application generally contains the
title of the invention, as well as an
indication of its technical field. It
must include the background and
a description of the invention, in
clear language and enough detail
that an individual with an average
understanding of the field could
use or reproduce the invention.
Such descriptions are usually
accompanied by visual materials –
drawings, plans or diagrams – that
describe the invention in greater
detail. The application also
contains various “claims”, that is,
information to help determine the
extent of protection to be granted
by the patent.


What kinds of inventions
can be protected?

An invention must, in general,
fulfill the following conditions to
be protected by a patent. It must
be of practical use; it must show
an element of “novelty”, meaning
some new characteristic that is
not part of the body of existing
knowledge in its particular technical
field. That body of existing
knowledge is called “prior art”.
The invention must show an
“inventive step” that could not
be deduced by a person with
average knowledge of the technical
field. Its subject matter must
be accepted as “patentable”
under law. In many countries,
scientific theories, mathematical
methods, plant or animal varieties,
discoveries of natural substances,
commercial methods or methods
of medical treatment (as opposed
to medical products) are not
generally patentable.


Who grants patents?

Patents are granted by national
patent offices or by regional
offices that carry out examination
work for a group of countries –
for example, the European Patent
Office (EPO) and the African
Intellectual Property Organization
(OAPI). Under such regional
systems, an applicant requests
protection for an invention in one
or more countries, and each
country decides whether to offer
patent protection within its
borders. The WIPO-administered
Patent Cooperation Treaty (PCT)
provides for the filing of a single
international patent application
that has the same effect as national
applications filed in the designated
countries. An applicant seeking
protection may file one application
and request protection in as many
signatory states as needed.


What is a trademark?

A trademark is a distinctive sign
that identifies certain goods or
services produced or provided by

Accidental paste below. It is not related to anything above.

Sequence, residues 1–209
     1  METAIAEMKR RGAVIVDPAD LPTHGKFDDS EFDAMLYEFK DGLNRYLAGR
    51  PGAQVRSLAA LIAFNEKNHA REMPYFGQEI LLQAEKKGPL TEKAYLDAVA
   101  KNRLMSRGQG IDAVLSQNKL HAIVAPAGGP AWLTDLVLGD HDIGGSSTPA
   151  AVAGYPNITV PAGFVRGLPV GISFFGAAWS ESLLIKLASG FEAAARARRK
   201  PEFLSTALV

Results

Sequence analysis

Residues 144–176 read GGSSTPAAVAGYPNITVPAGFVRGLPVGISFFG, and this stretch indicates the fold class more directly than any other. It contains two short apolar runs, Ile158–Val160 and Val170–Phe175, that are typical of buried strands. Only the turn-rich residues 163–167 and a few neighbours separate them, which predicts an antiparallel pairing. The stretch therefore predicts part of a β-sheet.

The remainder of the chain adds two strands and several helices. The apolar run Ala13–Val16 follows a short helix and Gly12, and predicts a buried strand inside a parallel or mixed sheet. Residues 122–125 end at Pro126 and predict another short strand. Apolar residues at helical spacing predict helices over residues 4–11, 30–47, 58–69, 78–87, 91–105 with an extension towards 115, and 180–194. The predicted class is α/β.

an individual or a company. Its
origin dates back to ancient times
when craftsmen reproduced their
signatures, or “marks”, on their
artistic works or products of a
functional or practical nature.
Over the years, these marks have
evolved into today’s system of
trademark registration and
protection. The system helps
consumers to identify and
purchase a product or service
based on whether its specific
characteristics and quality – as
indicated by its unique trademark
– meet their needs.


What do trademarks do?

Trademark protection ensures that
the owners of marks have the
exclusive right to use them to
identify goods or services, or to
authorize others to use them in
return for payment. The period of
protection varies, but a trademark
can be renewed indefinitely upon
payment of the corresponding
fees. Trademark protection is
legally enforced by courts that, in
most systems, have the authority
to stop trademark infringement.
In a larger sense, trademarks
promote initiative and enterprise
worldwide by rewarding their
owners with recognition and
financial profit. Trademark
protection also hinders the efforts
of unfair competitors, such as
counterfeiters, to use similar
distinctive signs to market inferior
or different products or services.
The system enables people with
skill and enterprise to produce and
market goods and services in the
fairest possible conditions, thereby
facilitating international trade.


What kinds of trademarks
can be registered?

Trademarks may be one or a
combination of words, letters and
numerals. They may consist of
drawings, symbols or threedimensional
signs, such as the
shape and packaging of goods.
In some countries, non-traditional
marks may be registered for
distinguishing features such as
holograms, motion, color and
non-visible signs (sound, smell
or taste).
In addition to identifying the
commercial source of goods or
services, several other trademark
categories also exist. Collective
marks are owned by an association
whose members use them to
indicate products with a certain
level of quality and who agree
to adhere to specific requirements
set by the association. Such
associations might represent, for
example, accountants, engineers
or architects. Certification marks
are given for compliance with
defined standards but are not
confined to any membership. They may be granted to anyone
who can certify that their products
meet certain established standards.
Some examples of recognized
certification are the internationally
accepted “ISO 9000” quality
standards and Ecolabels
for products with reduced
environmental impact.


How is a trademark

First, an application for registration
of a trademark must be filed with
the appropriate national or
regional trademark office. The
application must contain a clear
reproduction of the sign filed for
registration, including any colors,
forms or three-dimensional
features. It must also contain a list
of the goods or services to which
the sign would apply. The sign
must fulfill certain conditions in
order to be protected as a